impact upon the existing town centres. I would reiterate that this is a relocation of an exiting store and it is not possible to refute the case made for the need for the increased floor space in terms of retail capacity. The proposal is considered to meet the sequential test and pedestrian access improvements should facilitate linked trips to the town centre. It is not considered necessary or appropriate in planning terms to restrict sales from the petrol station kiosk. Revised plans have been submitted which include appropriate mitigation against noise, increased landscaping and improvements to the design of the store, boundary treatments and pedestrian links to it. I am satisfied that, subject to conditions including limits on the hours of operation of the service yard, that the proposals are acceptable. The noise mitigation proposed and restricted servicing hours will minimise disturbance to residents. The impacts from noise and dust during construction can be controlled by other legislation. As indicated at paragraph 3.2 above my Transportation Team Leader is satisfied with the development subject to a number of conditions. It is not possible to preserve the ability of the residents at Quarry Street to park on the street outside their home as parking on the public road is not formally permitted. The development will undoubtedly result in the loss of a significant number of trees and radically alter the appearance of the area. I am, however, satisfied that the design and materials of the building and boundary treatments proposed along with the landscaping to be undertaken will result in an acceptable development. The preservation of an open outlook cannot be met as residents have no right in planning terms to a view. The request to amend the site layout has been considered but this has proven not to be achievable. It should also be borne in mind that the site has previously been used for industrial purposes and has included uses that were not particularly asthetically attractive such as a civic amenity site, scrap yard and a glass recycling centre. Some of the existing trees along the boundary with the houses at Belhaven Terrace are to be retained and a “Willow Wall” is proposed to mitigate against the loss of trees at these houses and those at Miller Street. There will be loss of habitats however a condition is proposed to ensure that a habitat survey be undertaken before development starts to ensure that any protected species are adequately safeguarded. It should be noted that neither SNH or the Conservation and Greening Section have opposed the application. The design of the development is such that it should not adversely affect the privacy of surrounding residents. Possible anti social behaviour is not a material planning consideration. The effect upon property values in the area is not a material planning consideration. The concerns raised in relation to the Transportation Assessment have been considered by the Transportation Team Leader and he has indicated that he does not support the points made. ’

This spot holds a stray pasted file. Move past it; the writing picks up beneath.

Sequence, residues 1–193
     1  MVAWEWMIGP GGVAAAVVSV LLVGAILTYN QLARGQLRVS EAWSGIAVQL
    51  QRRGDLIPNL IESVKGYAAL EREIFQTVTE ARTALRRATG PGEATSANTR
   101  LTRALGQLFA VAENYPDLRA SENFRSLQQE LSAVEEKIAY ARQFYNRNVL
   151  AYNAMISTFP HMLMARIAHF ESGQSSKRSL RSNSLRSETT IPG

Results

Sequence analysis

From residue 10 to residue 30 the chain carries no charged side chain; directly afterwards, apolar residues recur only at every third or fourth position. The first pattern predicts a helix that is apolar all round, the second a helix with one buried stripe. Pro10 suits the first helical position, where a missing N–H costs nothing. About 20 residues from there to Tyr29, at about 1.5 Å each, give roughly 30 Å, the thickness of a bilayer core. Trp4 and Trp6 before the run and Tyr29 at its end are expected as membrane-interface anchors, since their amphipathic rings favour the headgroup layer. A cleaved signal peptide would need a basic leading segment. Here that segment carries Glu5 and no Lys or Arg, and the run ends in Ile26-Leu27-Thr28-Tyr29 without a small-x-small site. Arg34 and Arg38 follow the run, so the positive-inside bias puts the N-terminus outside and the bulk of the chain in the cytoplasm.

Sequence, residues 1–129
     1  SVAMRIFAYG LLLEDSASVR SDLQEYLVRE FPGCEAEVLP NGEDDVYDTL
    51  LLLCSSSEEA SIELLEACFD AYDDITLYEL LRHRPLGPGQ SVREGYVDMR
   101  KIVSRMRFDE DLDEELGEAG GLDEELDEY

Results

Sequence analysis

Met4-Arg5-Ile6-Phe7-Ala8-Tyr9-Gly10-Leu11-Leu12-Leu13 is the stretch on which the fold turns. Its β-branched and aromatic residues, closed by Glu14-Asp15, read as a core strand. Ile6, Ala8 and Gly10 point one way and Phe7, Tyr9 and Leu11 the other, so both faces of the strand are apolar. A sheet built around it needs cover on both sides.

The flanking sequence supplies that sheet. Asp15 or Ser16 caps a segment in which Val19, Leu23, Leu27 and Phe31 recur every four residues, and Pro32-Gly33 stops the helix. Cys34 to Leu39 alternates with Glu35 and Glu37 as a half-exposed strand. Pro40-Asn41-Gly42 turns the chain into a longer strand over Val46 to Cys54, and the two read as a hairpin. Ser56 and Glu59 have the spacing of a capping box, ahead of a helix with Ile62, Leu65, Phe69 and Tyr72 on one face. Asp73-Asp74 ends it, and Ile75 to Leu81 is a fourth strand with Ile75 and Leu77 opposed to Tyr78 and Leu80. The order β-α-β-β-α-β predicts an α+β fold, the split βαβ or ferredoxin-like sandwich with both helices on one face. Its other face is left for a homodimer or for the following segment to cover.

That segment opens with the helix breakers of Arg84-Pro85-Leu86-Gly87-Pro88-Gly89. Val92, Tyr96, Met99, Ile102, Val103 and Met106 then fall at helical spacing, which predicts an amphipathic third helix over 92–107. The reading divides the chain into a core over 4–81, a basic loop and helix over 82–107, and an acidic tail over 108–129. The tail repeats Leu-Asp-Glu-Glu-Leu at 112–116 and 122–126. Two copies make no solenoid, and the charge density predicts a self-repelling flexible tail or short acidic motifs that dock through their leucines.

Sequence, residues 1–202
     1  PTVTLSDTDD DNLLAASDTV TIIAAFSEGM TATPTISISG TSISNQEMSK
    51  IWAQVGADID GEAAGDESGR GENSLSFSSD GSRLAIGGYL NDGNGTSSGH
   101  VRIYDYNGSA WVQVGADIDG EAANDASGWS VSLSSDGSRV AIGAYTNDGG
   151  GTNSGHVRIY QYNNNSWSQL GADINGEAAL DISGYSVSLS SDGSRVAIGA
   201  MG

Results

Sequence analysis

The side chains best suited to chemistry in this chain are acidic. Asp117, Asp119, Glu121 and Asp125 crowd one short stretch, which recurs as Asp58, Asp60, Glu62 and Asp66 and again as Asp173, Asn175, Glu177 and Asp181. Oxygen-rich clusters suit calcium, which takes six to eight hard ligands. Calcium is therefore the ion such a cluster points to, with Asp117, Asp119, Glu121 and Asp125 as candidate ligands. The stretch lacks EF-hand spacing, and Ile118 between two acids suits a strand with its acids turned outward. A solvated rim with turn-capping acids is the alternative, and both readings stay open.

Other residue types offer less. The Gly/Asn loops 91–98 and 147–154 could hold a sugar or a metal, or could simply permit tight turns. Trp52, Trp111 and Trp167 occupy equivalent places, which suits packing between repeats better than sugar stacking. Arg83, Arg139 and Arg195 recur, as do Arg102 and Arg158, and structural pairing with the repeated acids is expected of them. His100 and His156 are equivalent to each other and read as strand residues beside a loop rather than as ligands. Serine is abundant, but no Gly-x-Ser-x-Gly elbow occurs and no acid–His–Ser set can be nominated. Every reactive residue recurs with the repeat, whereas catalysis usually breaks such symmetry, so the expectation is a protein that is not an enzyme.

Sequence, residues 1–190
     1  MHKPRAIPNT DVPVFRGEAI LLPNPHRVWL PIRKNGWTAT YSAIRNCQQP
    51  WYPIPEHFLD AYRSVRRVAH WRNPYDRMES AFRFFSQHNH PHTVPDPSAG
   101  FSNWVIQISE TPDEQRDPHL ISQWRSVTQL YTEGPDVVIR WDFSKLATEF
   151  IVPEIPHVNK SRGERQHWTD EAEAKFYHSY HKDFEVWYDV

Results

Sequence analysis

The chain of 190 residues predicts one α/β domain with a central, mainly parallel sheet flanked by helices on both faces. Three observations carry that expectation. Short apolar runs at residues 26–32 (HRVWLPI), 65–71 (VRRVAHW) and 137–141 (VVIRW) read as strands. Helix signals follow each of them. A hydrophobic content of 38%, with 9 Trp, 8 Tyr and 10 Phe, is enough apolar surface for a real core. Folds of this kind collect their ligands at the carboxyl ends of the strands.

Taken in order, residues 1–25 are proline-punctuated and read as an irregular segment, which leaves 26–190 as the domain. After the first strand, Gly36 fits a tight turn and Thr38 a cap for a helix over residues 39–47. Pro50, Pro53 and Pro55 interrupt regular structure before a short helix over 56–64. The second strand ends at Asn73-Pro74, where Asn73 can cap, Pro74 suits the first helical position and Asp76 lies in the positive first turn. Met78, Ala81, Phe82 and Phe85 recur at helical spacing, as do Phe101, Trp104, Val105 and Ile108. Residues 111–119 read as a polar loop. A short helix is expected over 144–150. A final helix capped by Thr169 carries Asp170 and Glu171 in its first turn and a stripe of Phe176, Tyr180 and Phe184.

The development is of a scale greater than that contained in Structure Plan Strategic Policy 9. However it is considered to meet the terms of the criteria against which it must be assessed. It is similarly acceptable in terms of the retail policies contained in the Structure Plan, the draft local plan and with the terms of NPPG The loss of the land designated for industry and business and the small amount of open space is not considered to be significant and does not justify the refusal of this application. The design and environmental impact of the development
is considered to be acceptable subject to a number of conditions. Taking all things
consideration it is recommended that permission should be granted.